A couple of links to pass along to humanists and fellow travelers:
Niels K. Petersen is on a bit of a roll, and this time covers a recent English-language paper on 18th c. Italian humanist and Archbishop of Trani, Giuseppe Davanzati. Sr. Davanzati went on a tear, it seems, and savaged the vampire panics paralyzing the Hapsburg Empire in the 1730s. The original letter was only published posthumously, in 1793, and even today, is only available in the original Latin and in scholarly Italian translations. A choice quote from Davanzati:
Anyone with a little common sense, so to speak, can clearly realise that the Devil plays no role in a story like that of these vampires; it is all a human creation, or at most a sort of tiresome illness, such as the plague, or some other epidemic disease.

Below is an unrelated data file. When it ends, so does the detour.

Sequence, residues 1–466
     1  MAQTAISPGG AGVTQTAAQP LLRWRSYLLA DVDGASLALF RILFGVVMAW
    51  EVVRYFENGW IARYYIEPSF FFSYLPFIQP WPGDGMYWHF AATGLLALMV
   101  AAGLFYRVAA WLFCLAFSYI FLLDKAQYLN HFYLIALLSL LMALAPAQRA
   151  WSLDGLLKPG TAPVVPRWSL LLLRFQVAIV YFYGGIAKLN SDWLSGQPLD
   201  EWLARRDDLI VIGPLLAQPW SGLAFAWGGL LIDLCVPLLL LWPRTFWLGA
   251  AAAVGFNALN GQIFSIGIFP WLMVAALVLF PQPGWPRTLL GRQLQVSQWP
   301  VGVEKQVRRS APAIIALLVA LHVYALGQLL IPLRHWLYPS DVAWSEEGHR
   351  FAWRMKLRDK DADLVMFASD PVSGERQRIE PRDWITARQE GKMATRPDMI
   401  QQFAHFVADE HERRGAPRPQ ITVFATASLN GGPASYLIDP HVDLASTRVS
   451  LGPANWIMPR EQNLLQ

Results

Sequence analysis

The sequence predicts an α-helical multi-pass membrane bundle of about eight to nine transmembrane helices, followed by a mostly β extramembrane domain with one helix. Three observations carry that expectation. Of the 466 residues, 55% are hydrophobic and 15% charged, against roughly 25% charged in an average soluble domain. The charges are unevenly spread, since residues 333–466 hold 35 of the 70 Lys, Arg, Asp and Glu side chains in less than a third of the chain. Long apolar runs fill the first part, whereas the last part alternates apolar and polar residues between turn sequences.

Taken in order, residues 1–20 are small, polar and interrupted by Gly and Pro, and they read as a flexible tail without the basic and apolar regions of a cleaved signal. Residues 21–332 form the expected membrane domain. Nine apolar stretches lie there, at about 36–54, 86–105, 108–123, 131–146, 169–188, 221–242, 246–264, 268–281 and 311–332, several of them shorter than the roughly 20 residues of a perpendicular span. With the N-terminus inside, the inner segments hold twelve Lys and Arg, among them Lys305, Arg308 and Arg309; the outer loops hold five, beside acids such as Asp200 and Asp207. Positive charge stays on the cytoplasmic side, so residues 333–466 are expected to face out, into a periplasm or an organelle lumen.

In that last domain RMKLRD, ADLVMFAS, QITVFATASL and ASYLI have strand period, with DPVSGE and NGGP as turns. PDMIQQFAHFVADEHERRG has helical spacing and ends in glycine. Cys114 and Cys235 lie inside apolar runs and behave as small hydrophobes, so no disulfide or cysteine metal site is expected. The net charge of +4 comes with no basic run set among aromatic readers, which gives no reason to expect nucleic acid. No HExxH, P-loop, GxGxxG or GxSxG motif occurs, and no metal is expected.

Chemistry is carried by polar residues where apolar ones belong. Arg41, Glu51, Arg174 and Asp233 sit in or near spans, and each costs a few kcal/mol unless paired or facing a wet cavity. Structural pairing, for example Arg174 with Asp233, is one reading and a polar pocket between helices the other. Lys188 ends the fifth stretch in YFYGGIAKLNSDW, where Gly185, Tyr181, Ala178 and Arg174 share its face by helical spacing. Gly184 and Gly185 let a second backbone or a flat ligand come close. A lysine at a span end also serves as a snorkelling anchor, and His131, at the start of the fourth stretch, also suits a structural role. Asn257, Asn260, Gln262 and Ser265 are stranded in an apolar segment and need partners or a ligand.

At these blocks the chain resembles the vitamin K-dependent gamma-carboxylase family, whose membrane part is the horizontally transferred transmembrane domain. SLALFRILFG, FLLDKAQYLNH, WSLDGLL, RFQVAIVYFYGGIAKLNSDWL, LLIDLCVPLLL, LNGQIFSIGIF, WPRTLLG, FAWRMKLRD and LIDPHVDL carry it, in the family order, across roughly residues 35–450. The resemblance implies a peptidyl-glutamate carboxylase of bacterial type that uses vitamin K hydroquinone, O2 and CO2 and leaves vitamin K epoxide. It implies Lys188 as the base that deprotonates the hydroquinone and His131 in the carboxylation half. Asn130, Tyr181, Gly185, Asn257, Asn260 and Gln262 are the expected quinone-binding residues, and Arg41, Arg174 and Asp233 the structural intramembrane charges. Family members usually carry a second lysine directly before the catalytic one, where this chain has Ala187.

Nonetheless, Davanzati was a product of his time, and his endless dances around the political and religious realities of his position. For which, read the whole thing.
Meanwhile, historian and closet Fortean Mike Dash inadvertently pokes a few holes in the vaunted Buddhist Exception that some atheists inexplicably cling to, with his tale of venality, violence, vengeance, and venom that lead to the suspicious deaths of four Dalai Lamas (Dalais Lama?) in the early 19th century.